Publisher: DC Comics
Writer: Robert Venditti
Artwork: Bryan Hitch, Andrew Currie (inks), Alex Sinclair (colours)
Lettering: Skarkings & Comicraft
Release Date: 13th June 2018
A quick disclaimer before I get started: aside from the odd appearance in group books like Justice League, I don’t think I’ve ever read a Hawkman comic before. As such, I have no expectations or prior knowledge of Carter Hall, his backstory or his motivations. In fact, all I really know about him is the fact that he has, y’know, wings.
However, right from the get-go, this issue grabbed my attention with a bit of Tomb Raider/Uncharted-esque archaeological exploration, with the issue opening to Carter delving into a hidden sea-cave to get his hands on a mysterious relic. Y’see, as someone who has been reincarnated time and time again over the years, he finds himself desperately trying to find some hidden meaning in himself and his personal history.
So far so fun, and frantic action set-piece with Hawkman and the cave’s guardian helps to give the early portion of the book a real sense of attention-grabbing dynamism – always a bonus when you’re kicking off a brand new series. This sequence is brought to life by series artist Bryan Hitch, who conveys a tremendous amount of scale and motion throughout, with the measured inks of Andrew Currie and typically stellar colours of Alex Sincliar bolstering what is a striking visual package. Sure, it’s very much in the DC ‘house style’, but the approach works well for a story like this, particularly when the title character is as unmistakeably ‘superheroic’ as Mr Hall.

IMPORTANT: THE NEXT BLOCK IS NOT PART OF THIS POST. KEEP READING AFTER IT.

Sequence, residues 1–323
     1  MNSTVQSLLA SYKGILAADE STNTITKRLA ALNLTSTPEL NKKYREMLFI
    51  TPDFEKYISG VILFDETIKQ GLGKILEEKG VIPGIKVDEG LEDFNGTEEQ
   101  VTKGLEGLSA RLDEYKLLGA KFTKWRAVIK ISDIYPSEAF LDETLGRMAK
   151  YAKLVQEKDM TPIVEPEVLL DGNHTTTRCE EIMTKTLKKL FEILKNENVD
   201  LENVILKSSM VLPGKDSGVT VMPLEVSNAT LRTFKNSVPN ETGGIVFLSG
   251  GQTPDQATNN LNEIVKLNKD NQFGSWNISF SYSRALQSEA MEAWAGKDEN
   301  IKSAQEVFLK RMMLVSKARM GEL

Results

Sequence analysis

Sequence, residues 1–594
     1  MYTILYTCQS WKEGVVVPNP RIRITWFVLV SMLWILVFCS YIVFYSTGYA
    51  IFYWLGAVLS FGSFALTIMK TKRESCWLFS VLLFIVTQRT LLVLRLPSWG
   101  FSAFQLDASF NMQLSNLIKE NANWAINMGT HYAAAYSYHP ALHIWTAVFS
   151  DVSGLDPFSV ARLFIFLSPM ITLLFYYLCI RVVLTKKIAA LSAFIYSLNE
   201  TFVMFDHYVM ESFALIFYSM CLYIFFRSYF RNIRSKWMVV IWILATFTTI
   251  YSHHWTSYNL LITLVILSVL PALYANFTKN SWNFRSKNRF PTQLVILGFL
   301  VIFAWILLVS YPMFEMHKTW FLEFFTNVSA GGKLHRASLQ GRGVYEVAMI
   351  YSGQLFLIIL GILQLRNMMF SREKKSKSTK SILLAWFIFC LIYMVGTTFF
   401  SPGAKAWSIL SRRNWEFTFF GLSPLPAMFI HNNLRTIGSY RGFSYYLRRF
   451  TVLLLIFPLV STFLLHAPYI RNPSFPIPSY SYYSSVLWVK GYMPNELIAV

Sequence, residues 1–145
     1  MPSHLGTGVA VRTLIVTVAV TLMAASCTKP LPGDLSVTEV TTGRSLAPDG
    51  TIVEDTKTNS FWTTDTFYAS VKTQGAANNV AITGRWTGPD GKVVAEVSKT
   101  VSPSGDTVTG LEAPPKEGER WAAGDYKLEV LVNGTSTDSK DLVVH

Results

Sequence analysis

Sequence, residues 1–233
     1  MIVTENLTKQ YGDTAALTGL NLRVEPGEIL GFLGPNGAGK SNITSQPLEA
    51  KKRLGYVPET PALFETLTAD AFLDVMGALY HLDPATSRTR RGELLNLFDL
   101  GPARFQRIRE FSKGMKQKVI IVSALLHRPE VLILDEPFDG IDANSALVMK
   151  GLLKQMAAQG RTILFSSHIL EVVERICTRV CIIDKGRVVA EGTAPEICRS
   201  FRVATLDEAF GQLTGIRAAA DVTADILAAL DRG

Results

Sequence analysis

For me though, the book loses a little bit of its momentum right at the end. Carter delving into the magical side of the DCU to help with his examination of the relic yields some enjoyable back-and-forth dialogue, but the resolution sees the story veering sharply from what is ostensibly a personal story of self-discovery to what feels like yet another off-the-shelf “save the world” superhero yarn.
I mean, not every superhero story needs to have the fate of the universe hanging in the hero’s hands, and after the sprawling, epic-scale ensemble storytelling of No Justice and Dark Nights: Metal, it feels slightly unconvincing that the future of everything would now fall on a man who is, let’s be honest, something of a B or C-list DC hero. That said, writer Robert Venditti does an admirable job of selling the premise, and the abrupt change in tone almost feels worth it for the fantastic double-page spread where Hawkman finally gets a glimpse at his true history.
At the end of the day, this new Hawkman series is an intriguing prospect. It looks great, the writing is solid, but I’m just not sure there’s enough here to rope in new readers or those unfamiliar with the character. The early Tomb Raider-y portion is fun, even if any real threat is negated by the fact that the hero can fly, and there are some strong characters beats throughout.
If anything, it feels like this series will fare better moving forwards if it keeps flying fairly close to the ground, rather than trying to soar too high towards a payoff it hasn’t necessarily earned. Still well worth a look, though, particularly for Hawkfans.